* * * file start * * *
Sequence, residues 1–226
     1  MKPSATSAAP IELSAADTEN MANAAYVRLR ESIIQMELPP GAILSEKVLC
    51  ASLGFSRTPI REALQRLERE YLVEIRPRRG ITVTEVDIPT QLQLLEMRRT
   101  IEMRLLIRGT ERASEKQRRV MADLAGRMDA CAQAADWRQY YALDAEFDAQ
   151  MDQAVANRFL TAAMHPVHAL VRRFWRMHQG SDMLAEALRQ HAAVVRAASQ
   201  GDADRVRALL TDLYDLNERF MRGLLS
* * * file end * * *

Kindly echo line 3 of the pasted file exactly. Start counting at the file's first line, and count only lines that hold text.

    51  ASLGFSRTPI REALQRLERE YLVEIRPRRG ITVTEVDIPT QLQLLEMRRT